Color the Emotion

Pick a few colors and create without stiffness.

From Decorative to Expressive Art

"Self-Portrait as a Knitter", a mixed media artwork by Peony and Parakeet

Last Friday, I traveled two hours by train to a yarn shop at Tampere. Not just to purchase new yarn, but to meet a famous knitting pattern designer Stephen West who had been invited to Finland. While I was attending his workshop, I was excited by the knits he showed and the stories he told. There were silent moments. We, Finnish women, counted stitches and pondered about what we heard. We Finnish can look very serious, quiet and occupied, even if we are about to burst with excitement. Stephen put it kindly: “Finnish carry themselves well.” That introvert attitude is also visible in this recent mixed media artwork, “Self-Portrait as a Knitter”. The person’s focus is so much on details that the inspiration, the yellow spot in the back of the head, doesn’t have room to show up.

From Over-Decorative to Expressive-Decorative

Sometimes similar kind of thing happens when we create art: the inspiration does not show in the result. There can be so much decoration going on, that not much room is left for the expression. We cover the background with little motifs and surface patterns, instead of enhancing what’s already there.

A watercolor background by Peony and Parakeet

I admit it’s fun and fulfilling to work with thin brushes, pens, and pencils. Making a circle after a circle is like knitting a shawl, stitch by stitch.

Using Derwent Artbars, by Peony and Parakeet

However, it’s good to add a little more variety and contrasts so that the expression comes through. It’s like changing the yarn or needle size once in a while!

Using Faber-Castell Gelatos, by Peony and Parakeet

And like in handknits, just when you think your work is ruined, you need to calm down and do the finishing.

Unfinished artwork by Peony and Parakeet

When knitting, you sew the seams, iron everything carefully and add the final balancing details.

Decorative art. Folk bags by Peony and Parakeet.

When creating art, you bring up the most important details and connect the dots so that everything falls into its place.

You Can Create Both Expressive and Decorative Art

Sometimes there are debates whether decorative art can be expressive as well.  But you can be both decorative and expressive. You can give meaning to your motifs. You can let motifs be pieces of a puzzle instead of covering everything evenly.

"Self-Portrait as a Knitter", a mixed media artwork by Peony and Parakeet. Creating both expressive and decorative art.

More decorative-expressive art with watercolors: Watercolor 101 for Intuitive Painting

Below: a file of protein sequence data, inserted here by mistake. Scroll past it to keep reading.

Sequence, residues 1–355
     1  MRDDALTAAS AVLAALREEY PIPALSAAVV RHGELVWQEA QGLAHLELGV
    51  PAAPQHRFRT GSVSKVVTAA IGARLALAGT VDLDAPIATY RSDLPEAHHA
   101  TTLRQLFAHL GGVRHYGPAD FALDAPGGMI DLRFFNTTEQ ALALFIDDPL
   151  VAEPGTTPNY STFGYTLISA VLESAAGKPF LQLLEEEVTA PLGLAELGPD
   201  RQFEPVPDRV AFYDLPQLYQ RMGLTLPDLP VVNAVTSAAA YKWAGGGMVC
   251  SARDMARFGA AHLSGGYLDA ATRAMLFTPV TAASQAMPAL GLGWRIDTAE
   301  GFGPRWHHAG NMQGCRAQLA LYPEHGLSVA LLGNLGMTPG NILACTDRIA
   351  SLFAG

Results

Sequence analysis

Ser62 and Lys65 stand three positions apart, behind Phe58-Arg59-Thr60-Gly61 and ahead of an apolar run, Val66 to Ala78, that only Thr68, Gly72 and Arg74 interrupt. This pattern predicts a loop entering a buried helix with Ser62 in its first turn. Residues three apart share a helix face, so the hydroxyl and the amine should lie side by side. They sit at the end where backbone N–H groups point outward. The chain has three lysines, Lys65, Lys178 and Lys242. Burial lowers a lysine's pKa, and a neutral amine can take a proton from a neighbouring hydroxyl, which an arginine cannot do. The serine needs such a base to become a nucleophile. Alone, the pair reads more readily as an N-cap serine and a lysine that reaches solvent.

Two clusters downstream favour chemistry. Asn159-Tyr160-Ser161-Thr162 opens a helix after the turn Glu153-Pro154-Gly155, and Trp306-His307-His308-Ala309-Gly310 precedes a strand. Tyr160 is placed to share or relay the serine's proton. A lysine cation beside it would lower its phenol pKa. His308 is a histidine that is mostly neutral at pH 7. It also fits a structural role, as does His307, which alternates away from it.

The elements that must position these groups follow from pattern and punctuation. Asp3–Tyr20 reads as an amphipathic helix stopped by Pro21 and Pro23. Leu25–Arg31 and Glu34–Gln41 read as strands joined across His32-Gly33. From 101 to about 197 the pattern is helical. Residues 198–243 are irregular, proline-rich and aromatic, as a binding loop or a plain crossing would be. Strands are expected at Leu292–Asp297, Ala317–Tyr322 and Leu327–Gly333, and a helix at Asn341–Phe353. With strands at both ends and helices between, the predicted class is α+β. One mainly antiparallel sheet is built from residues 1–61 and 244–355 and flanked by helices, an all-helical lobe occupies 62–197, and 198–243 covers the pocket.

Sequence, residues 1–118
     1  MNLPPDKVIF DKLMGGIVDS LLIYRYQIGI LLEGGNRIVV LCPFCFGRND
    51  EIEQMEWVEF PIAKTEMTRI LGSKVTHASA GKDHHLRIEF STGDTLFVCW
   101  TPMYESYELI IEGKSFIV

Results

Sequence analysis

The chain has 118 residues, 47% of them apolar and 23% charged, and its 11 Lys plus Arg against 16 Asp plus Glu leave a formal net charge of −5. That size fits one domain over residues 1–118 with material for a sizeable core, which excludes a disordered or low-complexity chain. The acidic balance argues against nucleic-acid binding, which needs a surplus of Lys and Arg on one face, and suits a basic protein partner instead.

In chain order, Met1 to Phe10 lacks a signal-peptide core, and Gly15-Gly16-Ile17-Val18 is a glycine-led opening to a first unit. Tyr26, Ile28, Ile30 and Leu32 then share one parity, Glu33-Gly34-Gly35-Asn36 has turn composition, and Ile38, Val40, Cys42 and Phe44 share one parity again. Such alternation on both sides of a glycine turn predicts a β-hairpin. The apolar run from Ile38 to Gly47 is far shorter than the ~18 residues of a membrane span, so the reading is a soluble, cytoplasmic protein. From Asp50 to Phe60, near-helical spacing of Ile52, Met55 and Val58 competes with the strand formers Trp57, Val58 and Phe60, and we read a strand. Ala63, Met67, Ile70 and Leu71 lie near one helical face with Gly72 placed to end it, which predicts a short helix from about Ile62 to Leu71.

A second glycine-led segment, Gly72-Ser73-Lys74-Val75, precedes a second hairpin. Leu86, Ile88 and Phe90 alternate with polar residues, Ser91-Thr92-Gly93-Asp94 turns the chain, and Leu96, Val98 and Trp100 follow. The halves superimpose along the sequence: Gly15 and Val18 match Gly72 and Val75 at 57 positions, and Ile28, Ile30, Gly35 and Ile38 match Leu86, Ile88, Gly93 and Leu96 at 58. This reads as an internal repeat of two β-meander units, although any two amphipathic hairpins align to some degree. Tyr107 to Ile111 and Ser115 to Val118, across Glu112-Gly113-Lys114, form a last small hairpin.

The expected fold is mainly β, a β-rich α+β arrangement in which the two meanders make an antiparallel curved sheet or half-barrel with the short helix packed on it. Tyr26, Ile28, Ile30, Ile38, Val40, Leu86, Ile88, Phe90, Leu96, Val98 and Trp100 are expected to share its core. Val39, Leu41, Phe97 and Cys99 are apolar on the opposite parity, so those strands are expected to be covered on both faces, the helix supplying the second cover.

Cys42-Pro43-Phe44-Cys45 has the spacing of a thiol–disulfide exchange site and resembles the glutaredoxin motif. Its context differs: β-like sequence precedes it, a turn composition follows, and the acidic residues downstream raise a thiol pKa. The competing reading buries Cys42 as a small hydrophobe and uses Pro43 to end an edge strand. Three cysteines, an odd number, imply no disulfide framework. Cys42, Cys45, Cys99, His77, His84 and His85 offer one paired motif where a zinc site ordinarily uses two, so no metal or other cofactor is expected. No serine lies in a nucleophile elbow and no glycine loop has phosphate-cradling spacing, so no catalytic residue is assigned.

If you are a knitter, check this out too: Folk Bag Workbook

18 thoughts on “From Decorative to Expressive Art

    1. Hi Bethanne, I usually never plan with that kind of accuracy but go with the flow! The face came after playing with artbars and gelatos. I have developed a process which starts from vague ideas (like the idea of softness in this painting) and ends with a lot more focus. (I have created exact exercises guiding through this process and teach them at a 4-week online workshop “Liberated Artist”, which will be run next time in next year.)

  1. absolutely inspirational as always — love your artwork and your outlook — loved inspirational drawing and look forward to liberated artist next year

  2. I love how you see things That is my hard spot I look and look but just don’t see Yet I can lay on the lawn and see the clouds and find all sorts of things Why I can not see it when I paint I do not know and it frustrates me I will next look at your drawstring pouches I love to knit and especially cables It brings such peace especially when My kitten Sammy is sleeping not lurking behind the chair to attack the yarn.

  3. Dear Paivi

    Once again your artwork has captured my attention. I love this painting. My dream is to one day be able to see past the background colors, in hopes that I can paint like this.
    We are in the process of moving and I am missing my journal drawings terribly.

  4. I love the way you developed this image and your colours are beautiful. Wish I could have done your painting course this Autumn. Do hope that I can do it next year.

  5. Seeing this develop from the photos you took along the way was inspirational. You don’t outline the images, but enhance and define and you create new images through darkening and lightening your background, not drawing the new image in. This post has provided even more emphasis on creating ART not just playing with beautiful colors – since ART requires focus (not on images but ideas) and those ideas develop they aren’t just made from what shows up. You let the thoughts marinate and develop and that is what makes your piece great. I think this one shows all the decisions used in creating art and having it say something to the viewer. Paivi, you are so good at providing instruction. This piece I would hang over my art table to keep me focused and inspired.

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